Men Are Problem Solvers

Guys like to think of themselves as problem solvers. Sometimes we create a problem just so we can offer up a solution. That being said, occasionally we run across a situation that is beyond our scope.

My wife and I recently took off for an impromptu weekend jaunt to Austin. We packed quickly and just as we were leaving, I noticed that she forgot her toiletry bag. Solution-man to the rescue! I grabbed her bag on the way out the door. I have to explain that when men offer solutions we are often seeking the glory associated with our innate problem-solving abilities. In this instance, I was certain I would get rewarded for my superior memory and, as we unpacked at the hotel, I subtly pointed out my good deed.

Unfortunately the bag did not contain all of the necessities required for an unexpected monthly guest. Being the sensitive and caring husband that I am, I volunteered to procure the missing essentials. Soon I would realize that men are not well-equipped enough to make all of the decisions required for this situation.

My first stop was at the hotel concierge. I asked the lady at the desk if the hotel had a sundries shop, or if there was a drug store nearby. She said that there was not a shop inside the hotel but that they had a supply of things that guests frequently forget. She asked me what I needed. 

Being caught somewhat off guard I whispered that I needed a feminine napkin. Thinking that this sounded strange I paused, and said, “for my wife.” I’m fairly certain that the lady knew it wasn’t for me, but I wanted to make sure.

She whispered back that the hotel keeps a supply behind the front desk and that she would get one for me. She went behind the front desk, pulled out a cardboard box, and began digging through it. The rest of the hotel staff was also very helpful as no fewer than five other people asked if they could help me. Thinking that half a dozen people helping me secure a maxi-pad was not an efficient use of hotel resources, I politely refused the additional assistance.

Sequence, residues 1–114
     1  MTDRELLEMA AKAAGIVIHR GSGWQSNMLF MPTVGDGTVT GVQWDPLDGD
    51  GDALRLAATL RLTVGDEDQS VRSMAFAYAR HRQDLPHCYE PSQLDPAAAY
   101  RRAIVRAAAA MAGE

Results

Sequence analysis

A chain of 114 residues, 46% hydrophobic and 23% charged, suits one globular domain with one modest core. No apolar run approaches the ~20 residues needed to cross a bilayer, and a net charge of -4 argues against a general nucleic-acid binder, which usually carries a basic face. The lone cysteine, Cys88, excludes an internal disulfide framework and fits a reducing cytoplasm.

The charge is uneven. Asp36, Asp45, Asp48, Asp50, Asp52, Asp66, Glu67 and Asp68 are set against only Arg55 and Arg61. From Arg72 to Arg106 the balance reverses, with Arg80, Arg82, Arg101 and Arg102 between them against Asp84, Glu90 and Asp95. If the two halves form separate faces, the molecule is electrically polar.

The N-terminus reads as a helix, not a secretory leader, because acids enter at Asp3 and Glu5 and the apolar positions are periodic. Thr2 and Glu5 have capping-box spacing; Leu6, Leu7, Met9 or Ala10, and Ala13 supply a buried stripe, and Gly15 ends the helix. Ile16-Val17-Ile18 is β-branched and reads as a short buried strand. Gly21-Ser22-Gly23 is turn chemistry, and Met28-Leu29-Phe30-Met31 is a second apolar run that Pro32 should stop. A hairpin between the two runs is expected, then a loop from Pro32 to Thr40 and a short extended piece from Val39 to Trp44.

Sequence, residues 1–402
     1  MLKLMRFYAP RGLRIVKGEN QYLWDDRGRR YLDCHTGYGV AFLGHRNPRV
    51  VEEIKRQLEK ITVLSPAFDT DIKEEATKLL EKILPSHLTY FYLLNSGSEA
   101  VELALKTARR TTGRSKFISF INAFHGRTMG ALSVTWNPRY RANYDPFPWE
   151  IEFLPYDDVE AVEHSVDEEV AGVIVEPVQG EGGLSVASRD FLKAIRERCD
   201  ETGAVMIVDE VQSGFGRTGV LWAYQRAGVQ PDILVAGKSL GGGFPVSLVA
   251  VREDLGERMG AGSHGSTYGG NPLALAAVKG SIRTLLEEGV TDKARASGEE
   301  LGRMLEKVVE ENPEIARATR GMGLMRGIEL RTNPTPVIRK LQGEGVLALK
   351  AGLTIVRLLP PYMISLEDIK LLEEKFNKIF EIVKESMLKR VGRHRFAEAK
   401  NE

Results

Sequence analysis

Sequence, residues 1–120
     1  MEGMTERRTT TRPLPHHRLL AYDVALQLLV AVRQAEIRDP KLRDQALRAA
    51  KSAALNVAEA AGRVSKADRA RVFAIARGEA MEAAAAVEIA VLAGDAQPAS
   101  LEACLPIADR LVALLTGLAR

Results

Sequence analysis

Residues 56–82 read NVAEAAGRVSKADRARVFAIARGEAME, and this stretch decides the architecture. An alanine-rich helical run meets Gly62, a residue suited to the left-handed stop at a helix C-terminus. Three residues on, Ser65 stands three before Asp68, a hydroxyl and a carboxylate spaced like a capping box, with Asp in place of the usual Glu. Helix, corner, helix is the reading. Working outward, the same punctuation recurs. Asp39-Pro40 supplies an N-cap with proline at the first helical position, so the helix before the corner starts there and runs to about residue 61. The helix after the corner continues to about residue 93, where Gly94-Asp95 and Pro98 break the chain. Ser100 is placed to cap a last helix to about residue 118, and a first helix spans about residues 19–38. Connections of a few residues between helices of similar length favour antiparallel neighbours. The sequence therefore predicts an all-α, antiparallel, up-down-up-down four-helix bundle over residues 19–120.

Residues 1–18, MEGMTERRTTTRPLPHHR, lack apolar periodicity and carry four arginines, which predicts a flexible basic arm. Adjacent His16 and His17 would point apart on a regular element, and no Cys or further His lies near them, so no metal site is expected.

I glanced at the concierge to see how she was progressing. She was pulling all kinds of things from the box: coat hangers, hair brushes, coffee cups, and what appeared to be office supplies. At this point, I was a little concerned about the hygiene of the feminine hygiene products stored in this box of frequently-forgotten (and apparently seldom-used) goodies. As she approached me empty-handed, she informed me that she only found tampons in the box and would have to go downstairs to find what I (my wife!) needed. I told her that was okay, and that I would walk to the drug store since it was only two blocks away. I thanked her for her help.

I made my way in the rain to the drug store and then to the feminine hygiene aisle. As I glanced at the enormous selection, I was suddenly faced with more options than I knew what to do with. There were wings of various proportions, light days, heavy days, spotting, and a variety of other things to add to my distress. 

Since I had already spent my allotted “ask for help card,” I was on my own to make the decision. I remembered my wife once saying that wings were silly, so I eliminated all winged products. However, I was still faced with an ocean of options. It was then I became a victim of advertising. I replayed every horseback-riding, tennis-playing, how-your-period-is-freeing television ad I could remember and selected a familiar brand, sans wings. I returned to the hotel, wet from the rain, and presented my wife with the spoils of my adventure. After telling her of the ordeal, she thanked me and said, “a tampon would have been fine.”

So much for glory.



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